Facts: Defendant builds a reservoir on the property, water seeps through and floods the mine below plaintiff’s property. Rule: - A party who brings upon his land for his own purposes - something likely to do mischief if it escapes - must keep it in at his peril, and - is liable for all damages caused by its escape.
Rylands v. Fletcher
Facts: Defendant builds a reservoir on the property, water seeps through and floods the mine below plaintiff’s property. (Appeal of Fletcher v. Rylands) Rule: Ã is strictly liable for any unnatural uses of his land, or for unnatural things brought upon his land.
United States v Carroll Towing Co.
Facts: During WWII in NY harbor, the barge breaks loose from the tug when bargee was not on board. Rule: Hand formula: B < PL == Burden (B) is less than Probability (P) times Injury (L).
Washington v. Louisiana Power & Light Co.
Facts: man w/ 21ft. antenna touches power line, dies. Rule: even in the presence of a grave risk, a very low probability and a very high burden of prevention will release the party from liability for failing to protect the injured party.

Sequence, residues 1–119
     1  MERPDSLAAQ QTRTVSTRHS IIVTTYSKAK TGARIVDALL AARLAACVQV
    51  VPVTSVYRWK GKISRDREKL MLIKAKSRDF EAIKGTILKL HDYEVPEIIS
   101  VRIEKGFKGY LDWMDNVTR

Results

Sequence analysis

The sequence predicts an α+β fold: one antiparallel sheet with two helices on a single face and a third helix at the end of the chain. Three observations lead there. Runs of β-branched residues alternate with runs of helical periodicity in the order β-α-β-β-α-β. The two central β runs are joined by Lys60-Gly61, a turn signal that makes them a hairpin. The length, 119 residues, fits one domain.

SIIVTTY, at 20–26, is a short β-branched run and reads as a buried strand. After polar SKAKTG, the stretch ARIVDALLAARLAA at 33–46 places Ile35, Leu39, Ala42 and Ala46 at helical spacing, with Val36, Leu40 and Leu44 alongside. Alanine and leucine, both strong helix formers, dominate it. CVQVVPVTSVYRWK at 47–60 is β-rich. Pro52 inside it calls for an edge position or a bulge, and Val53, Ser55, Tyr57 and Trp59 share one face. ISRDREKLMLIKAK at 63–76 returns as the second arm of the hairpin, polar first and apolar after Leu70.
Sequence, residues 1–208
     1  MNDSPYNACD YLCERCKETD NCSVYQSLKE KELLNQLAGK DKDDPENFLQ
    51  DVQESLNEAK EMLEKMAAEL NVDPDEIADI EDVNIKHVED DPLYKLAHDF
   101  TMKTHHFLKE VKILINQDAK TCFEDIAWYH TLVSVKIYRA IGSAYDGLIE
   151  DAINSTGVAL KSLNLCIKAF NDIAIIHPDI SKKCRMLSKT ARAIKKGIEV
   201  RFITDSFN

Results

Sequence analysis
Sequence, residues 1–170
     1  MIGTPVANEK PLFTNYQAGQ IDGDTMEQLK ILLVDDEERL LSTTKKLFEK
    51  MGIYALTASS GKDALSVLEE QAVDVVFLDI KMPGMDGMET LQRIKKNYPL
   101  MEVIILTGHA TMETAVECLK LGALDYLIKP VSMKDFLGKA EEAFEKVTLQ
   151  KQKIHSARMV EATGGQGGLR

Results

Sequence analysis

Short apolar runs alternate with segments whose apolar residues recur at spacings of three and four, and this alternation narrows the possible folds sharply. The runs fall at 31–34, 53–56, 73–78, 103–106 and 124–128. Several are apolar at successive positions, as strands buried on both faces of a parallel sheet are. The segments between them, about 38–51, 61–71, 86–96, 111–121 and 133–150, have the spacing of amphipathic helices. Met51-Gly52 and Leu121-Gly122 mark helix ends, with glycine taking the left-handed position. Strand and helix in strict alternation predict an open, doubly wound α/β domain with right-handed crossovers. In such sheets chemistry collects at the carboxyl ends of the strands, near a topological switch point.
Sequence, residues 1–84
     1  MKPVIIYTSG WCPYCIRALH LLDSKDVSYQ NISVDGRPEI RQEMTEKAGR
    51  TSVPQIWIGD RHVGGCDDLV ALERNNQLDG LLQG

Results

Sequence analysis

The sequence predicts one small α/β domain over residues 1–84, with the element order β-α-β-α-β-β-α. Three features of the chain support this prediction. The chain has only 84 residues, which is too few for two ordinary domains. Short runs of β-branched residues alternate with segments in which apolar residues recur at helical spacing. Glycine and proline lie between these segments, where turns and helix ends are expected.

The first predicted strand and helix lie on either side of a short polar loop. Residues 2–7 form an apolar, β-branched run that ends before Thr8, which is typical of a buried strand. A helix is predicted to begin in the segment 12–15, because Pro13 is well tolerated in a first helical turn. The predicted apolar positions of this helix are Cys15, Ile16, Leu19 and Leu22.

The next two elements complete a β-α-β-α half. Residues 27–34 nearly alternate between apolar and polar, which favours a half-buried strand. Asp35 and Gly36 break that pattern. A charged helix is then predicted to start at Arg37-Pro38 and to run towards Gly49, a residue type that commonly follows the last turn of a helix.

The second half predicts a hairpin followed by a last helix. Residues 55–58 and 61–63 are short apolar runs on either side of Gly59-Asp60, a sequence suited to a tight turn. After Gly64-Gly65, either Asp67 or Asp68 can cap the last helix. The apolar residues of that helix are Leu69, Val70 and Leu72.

Weirum v. RKO Gen'l, Inc.
Facts: Radio listeners scramble in cars, follow celebrity to win cash, crash, injuries. Rule: The mere fact that a particular kind of accident has not happened before does not show that such an accident is one which might not reasonably have been anticipated (foreseeable).
Martin v. Herzog
Facts: Defendant car driving around a bend on the wrong side hits plaintiff buggy without lights on. Rule: An unexcused violation of a statutorily required safety standard is per se negligence (though not contributory/comparative negligence unless causation is proved).
Tedla v. Ellman
Facts: Plaintiffs struck by negligent defendant driver while walking on the side of the road (statute). Rule: Violation of a safety statute will raise a presumption of negligence per se, but you will have an opportunity to rebut that presumption w/ evidence that circumstances demanded disobedience.
Brown v. Shyne
Facts: Defendant offered chiropractic treatment to plaintiff without a license so plaintiff sues in negligence for harm of paralysis that resulted. Rule: Violation of a statute is not always recognized by courts as establishing negligence per se. The injury must follow from the neglect. Only if the neglect established by the violation of the statute is found to CAUSE the injury will liability be found.